Begin at the Pass Lake Trailhead near the highway, and follow Weber River Trail. Keep an eye out for the Lofty Lake Trail marker, and then keep right as you hike past the Cuberant Lake Trail sign in about 0.8 miles. This allows you to hike past Kamas Lake and then continue on about 1.5 miles until you reach Lofty Lake. After you enjoy your time by the lake, hike up the pass which will drop you toward Scout Lake. You will end the loop by Weber River Trail (near the parking lot).

You may have to purchase a 3-day, $6.00 permit to access the Mirror Lake Highway and trail. Purchase a permit from Mirror Lake Scenic Corridor Recreation Area (the ranger station). Or, if you have one, you can use an annual National Parks Pass or American Fork Canyon Pass to park for free.

Dogs are allowed when on a leash.

Difficulty: Moderate

Length: 4.5 miles

Time: 2 hours 20 minutes

Elevation Gain: 960 feet

Location: Kamas, UT


Image credit: Tripadvisor

9. Gambel Oak Loop

A popular “easy” hike and one of the best in Park City, Gambel Oak is a 4-mile loop that is dog-friendly and family-friendly. Gambel Oak is hikeable all year long and it’s well-maintained by Park City rangers. It’s so popular, in fact, that many locals bring out their snow shoes during winter months.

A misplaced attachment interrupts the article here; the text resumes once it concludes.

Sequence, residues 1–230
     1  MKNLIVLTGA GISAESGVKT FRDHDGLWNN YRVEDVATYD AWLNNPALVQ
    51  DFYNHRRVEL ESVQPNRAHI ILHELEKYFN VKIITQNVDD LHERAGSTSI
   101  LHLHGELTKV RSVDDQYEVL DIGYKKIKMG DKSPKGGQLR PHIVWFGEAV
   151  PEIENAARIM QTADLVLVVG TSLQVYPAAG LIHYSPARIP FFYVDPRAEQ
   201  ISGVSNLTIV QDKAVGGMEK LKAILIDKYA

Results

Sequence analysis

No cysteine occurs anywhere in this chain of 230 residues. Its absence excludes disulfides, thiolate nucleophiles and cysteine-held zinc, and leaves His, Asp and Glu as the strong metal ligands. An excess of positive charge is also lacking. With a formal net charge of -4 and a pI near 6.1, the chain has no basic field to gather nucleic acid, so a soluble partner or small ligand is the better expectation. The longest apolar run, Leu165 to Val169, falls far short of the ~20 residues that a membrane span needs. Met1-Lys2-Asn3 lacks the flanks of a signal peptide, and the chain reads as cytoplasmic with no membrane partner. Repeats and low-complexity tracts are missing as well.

Beware that some parts of the trail are in avalanche territory, so if you go when there’s snowfall, stay alert for local warnings. There are also narrow brush portions of the trail, and you might have to bring a hat or sunscreen in summer because there is little shade.

Other trails branch off of Gambel Oak, so be sure to keep an eye out to stay on track. You can expect a leisurely hike with beautiful views of two bordering mountains. Beware of moose and other wildlife.

Difficulty: Easy

Length: 4.1 miles

Time: 2 hours

Elevation Gain: 643 feet

Location: Park City, UT


10. Rob’s Trail

Like several other mentionable hiking trails near Park City, Rob’s Trail allows hikers to choose routes of various lengths and difficulty levels. The most popular option is the 4-mile out-and-back trail beginning at the Bear Hollow Drive trailhead. From there, you’ll gradually trek up the trail through pine trees and surrounding hills to the southern portion of Utah Olympic Park.

If you want to extend your hike, Rob’s Trail offers up to 8.5 miles of outdoor adventure. The total 8.5-mile, out-and-back moderately strenuous trek usually takes about 4.5 hours to complete. There can be road closures during different seasons of the year, so make sure you check local wilderness updates.

Dogs are allowed on Rob’s Trail, but they must be on a leash at all times.

Difficulty: Moderate